How to build a successful cannabis brand: Q&A with craft alcohol pioneer Rhonda Kallman

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(A version of this story first appeared in the November-December issue of MJBizMagazine.)

Rhonda Kallman has been honing her craft since the age of 24.

That’s when she co-founded the Boston Beer Co. and launched the pioneering Samuel Adams craft beer brand.

In 2012, Kallman launched Boston Harbor Distillery, a whole-grain whiskey and craft spirits company with an award-winning portfolio of brands including Putnam Whiskey, Lawley’s New England Rum & Gin and the fiery Demon Seed Whiskey.

In preparation for MJBizCon, where Kallman will be a featured speaker on Nov. 16, MJBizDaily spoke with Kallman about what the cannabis industry can learn about brand-building and marketing from the alcoholic-beverage sector.

How much does branding influence consumers’ alcohol-purchasing decisions?

People are very loyal to brands. And that’s what makes brand-building difficult. It takes years and lots of money to build brands, unless you’re a powerhouse.

Take High Noon (the hard seltzer brand) from E&J Gallo.

They have the resources. They have the reach. They have the distribution power to really muscle in the marketplace.

But I feel like consumers – and I say this about the Boston area a lot – this is a really difficult place to build brands, because the industry giants from Europe come here first.

In addition, there is a really strong work ethic around here. Consumers work hard for their money, so they want to spend it on brands that they know will deliver a good experience.

When you were launching Boston Beer Co., when did branding come into play?

It was really from the beginning.

A brand like Yellowtail wine or Barefoot Wine, you know what’s so special about that brand? It’s the simplicity in their branding.

With Barefoot, you literally look at a bare foot on the label. A picture is worth 1,000 words.

When the name and the icon are simpatico, it really makes a strong brand.

So when you look at Sam Adams, there’s a patriot on the label and it was synonymous with the name, Sam Adams.

And from the very beginning, it was built into the brand.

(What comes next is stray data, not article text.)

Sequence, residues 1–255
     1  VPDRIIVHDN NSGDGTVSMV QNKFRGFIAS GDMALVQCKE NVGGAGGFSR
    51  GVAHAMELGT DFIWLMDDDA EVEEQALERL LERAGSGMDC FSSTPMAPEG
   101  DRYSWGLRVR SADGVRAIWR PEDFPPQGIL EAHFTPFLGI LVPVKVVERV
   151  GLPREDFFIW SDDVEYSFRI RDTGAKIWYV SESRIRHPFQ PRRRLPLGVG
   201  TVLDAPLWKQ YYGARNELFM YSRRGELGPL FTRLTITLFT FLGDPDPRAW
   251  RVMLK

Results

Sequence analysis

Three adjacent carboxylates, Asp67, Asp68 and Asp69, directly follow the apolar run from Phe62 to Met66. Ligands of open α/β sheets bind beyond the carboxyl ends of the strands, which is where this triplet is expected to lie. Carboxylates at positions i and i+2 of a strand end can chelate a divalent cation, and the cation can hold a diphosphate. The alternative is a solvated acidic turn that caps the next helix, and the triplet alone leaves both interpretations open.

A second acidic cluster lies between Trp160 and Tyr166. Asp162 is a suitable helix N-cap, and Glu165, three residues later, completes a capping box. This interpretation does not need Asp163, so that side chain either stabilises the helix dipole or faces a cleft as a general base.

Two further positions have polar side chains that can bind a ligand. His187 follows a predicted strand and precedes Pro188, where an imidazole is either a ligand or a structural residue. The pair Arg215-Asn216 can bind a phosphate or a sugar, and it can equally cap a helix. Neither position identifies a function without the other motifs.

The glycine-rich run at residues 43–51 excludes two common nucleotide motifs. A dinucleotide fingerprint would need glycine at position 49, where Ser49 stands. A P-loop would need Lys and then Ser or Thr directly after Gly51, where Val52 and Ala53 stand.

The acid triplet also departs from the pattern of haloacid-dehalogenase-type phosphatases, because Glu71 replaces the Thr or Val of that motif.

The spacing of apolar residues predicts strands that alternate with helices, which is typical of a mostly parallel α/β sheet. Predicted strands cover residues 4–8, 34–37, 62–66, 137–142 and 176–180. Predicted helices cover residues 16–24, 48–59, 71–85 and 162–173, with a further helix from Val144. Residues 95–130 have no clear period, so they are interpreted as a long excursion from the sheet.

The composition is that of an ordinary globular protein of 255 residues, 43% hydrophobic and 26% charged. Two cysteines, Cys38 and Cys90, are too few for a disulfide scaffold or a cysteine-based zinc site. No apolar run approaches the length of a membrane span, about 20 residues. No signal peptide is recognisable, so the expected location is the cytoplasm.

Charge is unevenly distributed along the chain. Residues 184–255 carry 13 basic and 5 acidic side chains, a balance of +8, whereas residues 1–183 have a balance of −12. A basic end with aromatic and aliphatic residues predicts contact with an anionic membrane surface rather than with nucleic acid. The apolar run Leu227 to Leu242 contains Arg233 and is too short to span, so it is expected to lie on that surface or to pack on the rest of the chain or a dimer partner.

Did your approach to branding change when you launched Boston Harbor Distillery?

With Boston Beer, I was really focused on tactical marketing and the go-to market strategies like salespeople alignment, what the shelf looks like and pricing.

But it was easier to stand out in 1984 and 1985 because it was the land of bland.

There were yellow, corn-based beers and they all looked the same and almost all tasted the same.

Forty years later, and I’m still in my fledgling stage of growing Boston Harbor Distillery, and brands to me are so important because the whiskey bottle label really has to speak volumes.

My competition is the legacy companies of Diageo (maker of Johnnie Walker and Bulleit) and Pernod Ricard (maker of Jameson).

So in order to get people to pick Putnam Whiskey off the shelf and spend $40 to $80, this is the epitome of branding.

It’s all come together authentically. I knew that I wanted to make whiskey, and I knew I wanted to do it in Boston.

But I didn’t have a brand idea, which was kind of odd for me, because usually you build a company around a brand idea.

But we found this 11,000 square-foot, pre-Civil War era, 1850s building.

I bought a small, 150-gallon still and was going to get started by making whiskey for other people – like restaurant groups, retailers and enthusiasts.

Then it dawned on me – why don’t I just name my whiskey after the man who built this building?

The 18-acre parcel that I’m on was the center of entrepreneurial commerce in the 1800s, and it was built originally by Silas Putnam to manufacture the hot-forged horseshoe nail, aptly named The Putnam Nail Factory.

In whiskey, the imagery is often rolling hills and horses, whether it’s Kentucky or Tennessee or Scotland.

So I thought I could tie it all together by calling it Putnam Whiskey.

And I have his uncle, the Revolutionary War hero, Gen. Israel Putnam, that was used as the logo for the nail factory, a horse and rider, on the label.

Do you think branding is as influential to consumer decision-making in the cannabis category?

It’s a new category. We no longer have to buy unmarked baggies from a dealer or a guy on the street. But when I go into a dispensary, I’m overwhelmed.

And the ones that I’ve been in, there’s no marketing. I have to choose from a menu over the budtender’s head.

Somebody helps walk me through it, but I’m not really interacting with it.

And what happens when (consumers) bring products home?

How do you stand out? Some cannabis packaging really stands out, like Fireball Cannabis gummies.

Do you think craft cannabis is at all as popular as craft beer was in the 1980s and ’90s?

From my view in Massachusetts, the popularity is just beginning as recreational cannabis has been legal only a few years.

To me, craft means real people using great ingredients to make innovative or better products.

The dispensaries here are handcrafting every product, whether its flower, drinks, cookies, gummies, etc.

So few brands can market across the country like they do in Canada with the big companies like Tilray.

But trials are really important: Getting budtenders to understand the products and creating a store experience. It’s very similar to building a craft-whiskey brand.

For example, I need those budtenders to put us on the menu in a cocktail; otherwise, we’re just a bottle sitting on the bar.

This interview has been edited for length and clarity.

Kate Robertson can be reached at